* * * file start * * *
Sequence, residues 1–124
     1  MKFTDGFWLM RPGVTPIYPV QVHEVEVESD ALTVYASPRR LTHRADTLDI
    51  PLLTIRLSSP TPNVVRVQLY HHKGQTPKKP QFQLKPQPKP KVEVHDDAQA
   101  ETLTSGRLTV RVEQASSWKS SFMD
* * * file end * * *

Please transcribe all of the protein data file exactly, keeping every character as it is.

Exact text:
Sequence, residues 1–124
     1  MKFTDGFWLM RPGVTPIYPV QVHEVEVESD ALTVYASPRR LTHRADTLDI
    51  PLLTIRLSSP TPNVVRVQLY HHKGQTPKKP QFQLKPQPKP KVEVHDDAQA
   101  ETLTSGRLTV RVEQASSWKS SFMD